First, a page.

Addition of Mobilization Advances based on gross receipts in 26AS statement deleted

Addition of Mobilization Advances based on gross receipts as per 26AS statement deleted as mobilization advance was offered to tax over the life of the project

ABCAUS Case Law Citation:
ABCAUS 3763 (2023) (06) ITAT

In the instant case, the Department had challenged the order passed by the CIT(A) in deleting the addition made by the Assessing Officer (AO) on account of disallowance of Mobilization Advances, allowing the TDS credit on Mobilization Advances and deleting addition on account of disallowance of salary and wages.

26AS Statement

The respondent assessee was a company engaged in the business of construction and allied services.

For the relevant assessment years, the return of assessee was taken up for scrutiny assessment. During the year under consideration the assessee had received advance amount from clients/customers at the beginning of project to enable it to deploy machinery and manpower in sufficient quantity at work site awarded to the assessee. 

The mobilization advance was initially recognized as a liability by the assessee and based on the work done and approved by the client, the amount was billed to the customer and mobilization advance was adjusted as part of revenue/ billing and recognized as income over the period of project.

The assessee had followed this accounting method consistently in line with recognized Percentage of Completion Method (POCM) followed in terms of Accounting Standards-7. 

The Assessing Officer noticed a difference in the receipt reflected in Form 26AS as compared to the amount reflected in the profit and loss account. Assessee claimed that the same was primarily on account of mobilization advances received by the assessee and initially recognized as liability by the assessee.   

However, the AO was not satisfied and made an addition of 20% of the Mobilization, advances as undisclosed income u/s 68 r.w. section 155BBE of the Act.

Addition of TDS on mobilization advances and adhoc addition of    5% of expenses comprising of salary & wages, spares and power & fuels was made alleging that the same was not forming part of Work in Progress (WIP) resulting in adjustment as undisclosed income of the assessee. 

In appeal the CIT(A) deleted the additions on account of mobilization advance and disallowance of salary and wages. The issue with regard to TDS on mobilization advance was also partly decided in favour of the assessee by giving proportionate credit.

The Tribunal observed that the genuineness, identity and creditworthiness of the parties making mobilization advances was   never questioned so no addition could have been made by the AO by invoking provisions of section 68 of the Act.

Further, the Tribunal opined that there was no justification to make an adhoc disallowance u/s 68 of the Act. The AO was supposed to either accept mobilization advance as a whole on the basis of running account or to a disbelieve the whole. Ad hoc   disallowance without pointing out any shortcoming in accounting method or books is not sustainable.

Further, the Tribunal noted that before the AO the assessee had placed relevant piece of evidence and all the detailed facts and documents relating to mobilization advances which were not duly considered and have been relied by the CIT(A).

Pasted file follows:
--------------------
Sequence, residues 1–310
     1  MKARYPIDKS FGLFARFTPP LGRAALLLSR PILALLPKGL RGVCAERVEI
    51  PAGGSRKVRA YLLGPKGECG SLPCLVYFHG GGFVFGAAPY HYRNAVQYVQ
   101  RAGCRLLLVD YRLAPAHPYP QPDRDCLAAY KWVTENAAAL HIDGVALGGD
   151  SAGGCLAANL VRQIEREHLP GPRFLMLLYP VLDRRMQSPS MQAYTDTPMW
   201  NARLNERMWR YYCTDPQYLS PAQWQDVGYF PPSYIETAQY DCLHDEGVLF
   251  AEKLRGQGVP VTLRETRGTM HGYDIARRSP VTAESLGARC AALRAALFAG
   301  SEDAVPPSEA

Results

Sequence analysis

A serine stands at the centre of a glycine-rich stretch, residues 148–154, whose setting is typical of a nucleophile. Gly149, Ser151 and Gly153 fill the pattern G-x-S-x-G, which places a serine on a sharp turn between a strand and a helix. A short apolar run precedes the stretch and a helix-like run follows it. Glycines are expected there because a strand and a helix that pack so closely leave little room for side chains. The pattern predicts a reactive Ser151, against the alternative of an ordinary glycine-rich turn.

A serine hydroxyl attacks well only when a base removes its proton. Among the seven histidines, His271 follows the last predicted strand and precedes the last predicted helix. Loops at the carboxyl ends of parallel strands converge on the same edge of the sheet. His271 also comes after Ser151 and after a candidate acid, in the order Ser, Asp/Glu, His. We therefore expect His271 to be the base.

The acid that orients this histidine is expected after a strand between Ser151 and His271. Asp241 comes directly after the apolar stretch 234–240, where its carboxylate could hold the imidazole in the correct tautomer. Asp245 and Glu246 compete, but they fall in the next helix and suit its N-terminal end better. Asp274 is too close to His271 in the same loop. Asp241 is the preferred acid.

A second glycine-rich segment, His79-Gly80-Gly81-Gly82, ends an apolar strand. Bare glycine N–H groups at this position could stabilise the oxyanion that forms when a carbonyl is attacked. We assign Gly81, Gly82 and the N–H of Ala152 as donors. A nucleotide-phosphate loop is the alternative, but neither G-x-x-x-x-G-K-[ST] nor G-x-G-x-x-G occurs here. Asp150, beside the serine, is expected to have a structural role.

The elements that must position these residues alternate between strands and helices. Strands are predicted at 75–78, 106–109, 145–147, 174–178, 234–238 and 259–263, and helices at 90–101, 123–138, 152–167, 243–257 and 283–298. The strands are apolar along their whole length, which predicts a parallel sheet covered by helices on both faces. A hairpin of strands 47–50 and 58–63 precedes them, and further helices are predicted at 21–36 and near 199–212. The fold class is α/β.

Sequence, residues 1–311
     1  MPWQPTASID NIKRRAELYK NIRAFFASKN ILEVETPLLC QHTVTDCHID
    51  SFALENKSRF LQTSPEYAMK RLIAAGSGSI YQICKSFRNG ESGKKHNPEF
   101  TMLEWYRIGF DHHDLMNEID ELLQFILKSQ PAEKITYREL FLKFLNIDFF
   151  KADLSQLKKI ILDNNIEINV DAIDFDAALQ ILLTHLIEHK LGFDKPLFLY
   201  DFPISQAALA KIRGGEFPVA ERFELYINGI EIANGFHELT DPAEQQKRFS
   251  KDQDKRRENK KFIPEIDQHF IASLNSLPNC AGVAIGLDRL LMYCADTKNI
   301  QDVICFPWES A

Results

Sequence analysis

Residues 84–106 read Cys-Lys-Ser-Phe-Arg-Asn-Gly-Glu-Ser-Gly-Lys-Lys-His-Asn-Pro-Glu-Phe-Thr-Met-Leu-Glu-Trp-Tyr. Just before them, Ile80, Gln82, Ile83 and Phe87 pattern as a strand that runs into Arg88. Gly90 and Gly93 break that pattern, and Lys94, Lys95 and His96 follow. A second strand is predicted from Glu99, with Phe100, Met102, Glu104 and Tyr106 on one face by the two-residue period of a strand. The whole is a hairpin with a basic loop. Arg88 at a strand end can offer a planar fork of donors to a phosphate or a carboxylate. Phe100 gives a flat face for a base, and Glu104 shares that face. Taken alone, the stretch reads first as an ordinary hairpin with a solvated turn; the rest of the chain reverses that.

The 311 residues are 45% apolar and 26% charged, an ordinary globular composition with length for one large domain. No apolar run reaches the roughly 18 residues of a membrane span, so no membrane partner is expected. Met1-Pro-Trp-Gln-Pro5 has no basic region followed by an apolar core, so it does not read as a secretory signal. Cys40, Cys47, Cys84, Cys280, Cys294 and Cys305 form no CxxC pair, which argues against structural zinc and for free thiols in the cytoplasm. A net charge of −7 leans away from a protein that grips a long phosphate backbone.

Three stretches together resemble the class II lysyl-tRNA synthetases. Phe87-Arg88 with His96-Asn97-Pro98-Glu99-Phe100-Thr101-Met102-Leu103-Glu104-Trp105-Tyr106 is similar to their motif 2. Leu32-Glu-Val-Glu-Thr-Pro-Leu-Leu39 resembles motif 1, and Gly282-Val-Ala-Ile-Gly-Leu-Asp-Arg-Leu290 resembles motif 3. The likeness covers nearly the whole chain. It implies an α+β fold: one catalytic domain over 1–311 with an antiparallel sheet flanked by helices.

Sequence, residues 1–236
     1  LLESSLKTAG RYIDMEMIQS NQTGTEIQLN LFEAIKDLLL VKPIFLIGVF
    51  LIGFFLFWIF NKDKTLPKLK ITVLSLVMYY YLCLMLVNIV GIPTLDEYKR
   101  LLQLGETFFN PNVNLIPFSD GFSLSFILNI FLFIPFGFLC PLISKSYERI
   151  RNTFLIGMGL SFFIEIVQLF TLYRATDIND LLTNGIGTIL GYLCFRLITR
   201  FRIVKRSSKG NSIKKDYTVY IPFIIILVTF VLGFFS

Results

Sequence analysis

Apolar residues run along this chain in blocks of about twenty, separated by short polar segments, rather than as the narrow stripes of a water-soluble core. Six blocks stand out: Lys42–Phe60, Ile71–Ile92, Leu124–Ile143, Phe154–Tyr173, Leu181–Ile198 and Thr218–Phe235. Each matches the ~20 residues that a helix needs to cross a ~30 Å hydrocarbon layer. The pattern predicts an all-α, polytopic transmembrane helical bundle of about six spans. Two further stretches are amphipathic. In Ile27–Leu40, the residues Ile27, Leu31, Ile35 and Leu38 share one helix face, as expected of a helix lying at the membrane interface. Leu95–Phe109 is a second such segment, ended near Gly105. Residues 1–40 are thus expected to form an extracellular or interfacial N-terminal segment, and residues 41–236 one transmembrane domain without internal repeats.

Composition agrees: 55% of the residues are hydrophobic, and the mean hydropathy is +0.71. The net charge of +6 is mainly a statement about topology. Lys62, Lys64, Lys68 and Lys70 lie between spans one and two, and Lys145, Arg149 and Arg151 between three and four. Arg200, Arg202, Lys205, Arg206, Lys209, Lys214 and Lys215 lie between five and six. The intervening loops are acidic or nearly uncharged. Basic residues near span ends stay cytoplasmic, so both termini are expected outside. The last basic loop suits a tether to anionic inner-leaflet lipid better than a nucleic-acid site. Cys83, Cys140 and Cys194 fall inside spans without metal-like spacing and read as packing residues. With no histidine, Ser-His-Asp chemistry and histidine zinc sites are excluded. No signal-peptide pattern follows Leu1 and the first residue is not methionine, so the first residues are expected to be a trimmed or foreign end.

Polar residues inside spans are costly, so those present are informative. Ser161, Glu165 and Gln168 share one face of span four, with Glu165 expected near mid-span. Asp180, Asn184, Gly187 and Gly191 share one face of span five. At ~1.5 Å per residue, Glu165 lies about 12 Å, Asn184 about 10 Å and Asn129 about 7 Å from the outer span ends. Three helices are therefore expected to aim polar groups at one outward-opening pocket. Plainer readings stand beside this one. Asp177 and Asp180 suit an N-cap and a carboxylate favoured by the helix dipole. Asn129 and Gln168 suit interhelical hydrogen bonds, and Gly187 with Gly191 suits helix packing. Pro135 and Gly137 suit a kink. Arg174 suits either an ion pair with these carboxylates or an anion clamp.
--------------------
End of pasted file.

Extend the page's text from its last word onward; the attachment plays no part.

The Tribunal further observed that the AO had also failed to appreciate that although initially mobilization advance was recognized as liability ultimately over the period of project the same was recognized as revenue and the entire mobilization advance was offered to tax over the life of the project. This was the consistent accounting practice of the assessee which had never been questioned before.

With regard to TDS credit on mobilisation advance, the claim of the assesses was that mobilization advances received during the year on which TDS gets deducted stands offered as income of the same year and stand offered in the form of WIP. 

The Tribunal observed that the CIT(A) had duly taken into consideration the position of mobilization advances received during the year and the fact that when the AO had given TDS credit in ITNS 150 and therein had disallowed TDS credit it cannot be added as income of the assessee as the same leads to double taxation.

However, the cross objection of the assessee claiming TDS   of the entire mobilisation advance instead of proportionate credit given by CIT(A) was not pressed before the Tribunal.

With respect to the ground of CIT(A) deleting disallowance of salary and wages ignoring the fact that assessee has violated matching principle of accounting by claiming excess expenditure in proportion to the revenue offered to taxation, the Tribunal observed that the case of the AO was that major expenses on account of wages, salary spares etc. were directly debited to the profit and loss account in totality and had not been included as part of WIP credited to the P&L Account.

The Tribunal noted that Ld. CIT(A) has rightly concluded that AO had mistaken in referring to note of the P & L account which only reflected the position of opening materials, purchases and closing materials. The position of WIP is not shown in that note but part of other note. The method of valuation of WIP had been consistently followed by the assessee over years and had been accepted in preceding as well as succeeding years. The same was also in accordance with accounting standards. Therefore, the disallowance on adhoc basis without any rational had been rightly deleted by CIT(A) and no interference was called for, said the Tribunal.

Accordingly, the appeal of the assessee was allowed.

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